UC’s Mountain Outreach Builds New Home for Young, Local Family

When simply walking downstairs to do your family’s laundry presents a safety hazard, it’s time for a change.

But for one family in Kentucky, it’s more than a change—it’s a whole new home.

Mountain Outreach (MO), a service-based ministry hosted by Sullivan Foundation partner school University of the Cumberlands, has provided a brand-new home for Tyler and Amber Hall and their three young children. The family moved in on September 15th and is overjoyed about living in the new space.

“I could probably cry about it. God is so good,” Amber said. “I wish I could personally thank everyone who made this possible. The Lord sees you. We are really, really thankful.”

“Stuff like this is important,” Amber added. “All good things come from the Lord. I truly believe that God sees Mountain Outreach, the donors who funded this home build, my family, everything. God sees this.”

Renting a house was the only financially feasible option for the Halls before. But along with renting came a few difficult factors. For one thing, Amber knew in the back of her mind that a landlord can decide to ask their tenants to leave at any point, and the tenants can’t control that. Additionally, when there is a lack of ownership, there is a lack of control; a renter can’t make a house feel like their own as fully as they might like to, since the property isn’t theirs.

Mountain Outreach volunteers have built homes for more than 150 families and renovated hundreds more.

Having a neighbor’s belongings in their basement, and the neighbor stopping by every now and then to remove an item or two, didn’t help Amber feel at home either. Besides, the staircase leading down to the laundry machines in the basement was extremely steep, making Amber worry for her safety, especially while she was pregnant.

Now, the Halls don’t have to worry about those problems anymore. They have their very own home that was built with high standards and good materials to keep the family safe and reduce costs over the years. During construction, MO asked the family to decide several elements of the home as well, such as the flooring, siding and roofing. Amber appreciated that. Before the house was even complete, it already felt like their own.

Tyler’s mother had heard about Mountain Outreach’s annual home build and pushed Tyler and Amber to apply. At first, they were hesitant. They had been working on building their credit, but they figured it would be years before it would be high enough for a bank to approve them to pay a mortgage. Still, they picked up an application at their church.

That same night at church, there was a revival. The pastor talked about challenging God, not in a fighting sense but in the sense of handing your biggest dreams to God and watching Him work. The Hall family took the sermon to heart. If they trusted God enough to hand Him their smaller dreams, they reasoned, why not their biggest one? They filled out the MO application.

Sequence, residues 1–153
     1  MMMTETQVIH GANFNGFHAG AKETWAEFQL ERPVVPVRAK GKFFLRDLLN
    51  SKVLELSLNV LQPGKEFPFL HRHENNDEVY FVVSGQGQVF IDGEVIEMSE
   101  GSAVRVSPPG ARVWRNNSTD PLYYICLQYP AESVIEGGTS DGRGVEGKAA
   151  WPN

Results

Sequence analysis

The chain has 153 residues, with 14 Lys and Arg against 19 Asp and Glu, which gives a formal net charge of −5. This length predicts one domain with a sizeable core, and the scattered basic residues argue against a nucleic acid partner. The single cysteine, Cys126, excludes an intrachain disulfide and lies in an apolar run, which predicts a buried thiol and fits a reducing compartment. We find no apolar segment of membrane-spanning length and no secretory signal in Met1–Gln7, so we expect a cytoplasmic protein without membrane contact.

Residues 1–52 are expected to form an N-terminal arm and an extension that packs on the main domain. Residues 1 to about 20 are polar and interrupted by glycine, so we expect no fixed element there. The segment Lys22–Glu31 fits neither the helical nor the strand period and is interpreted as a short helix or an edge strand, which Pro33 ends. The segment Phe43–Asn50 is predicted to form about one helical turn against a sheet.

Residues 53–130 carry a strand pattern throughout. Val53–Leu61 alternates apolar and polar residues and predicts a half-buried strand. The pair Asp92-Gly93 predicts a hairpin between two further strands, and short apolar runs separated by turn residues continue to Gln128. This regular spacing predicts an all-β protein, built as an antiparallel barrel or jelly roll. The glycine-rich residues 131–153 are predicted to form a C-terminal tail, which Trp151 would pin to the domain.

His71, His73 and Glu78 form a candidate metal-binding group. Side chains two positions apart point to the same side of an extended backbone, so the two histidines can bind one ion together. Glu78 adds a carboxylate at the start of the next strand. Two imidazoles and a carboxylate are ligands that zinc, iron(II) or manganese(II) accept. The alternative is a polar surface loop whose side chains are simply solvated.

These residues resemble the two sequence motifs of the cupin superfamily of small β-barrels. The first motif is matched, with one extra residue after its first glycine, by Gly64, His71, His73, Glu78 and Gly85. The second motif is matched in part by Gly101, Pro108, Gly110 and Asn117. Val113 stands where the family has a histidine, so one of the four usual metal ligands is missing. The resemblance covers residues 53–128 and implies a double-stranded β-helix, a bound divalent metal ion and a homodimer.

Mountain Outreach director Rocky Brown

Soon, MO director Rocky Brown called Amber, and the family filled out additional paperwork and went through an interview process. Tyler’s parents got down on their knees regularly to pray with the family that they would be chosen to receive the house. Early one morning, Rocky called and started giving Amber all kinds of information about the home build. “I just want you to know,” he said, “that you’re the family.”

“We just knew it was going to happen,” Amber said. “Sometimes it was hard to have faith, but we just kept believing and putting our trust in the Lord.”

Moving into the new house was a “wow” moment for the family. The MO staff was excited for them, handing the keys to Tyler with big smiles on their faces. The family could have kept living in their rented home, handling the difficulties as they came and staying positive through it, but they are deeply thankful to have a new home all their own now, thanks to Mountain Outreach.

Since its inception in 1982, Mountain Outreach students and volunteers have completed more than 150 home building projects and completed renovations to hundreds more.  The program’s outreach includes numerous service projects that help provide children, the elderly, and financially struggling families with critical and urgent needs throughout the University of the Cumberlands service region.

The University of the Cumberlands has been ranked Kentucky’s No. 1 school for socially minded students and No. 15 nationwide.

This article has been edited and expanded from the original version appearing on the University of the Cumberlands website.

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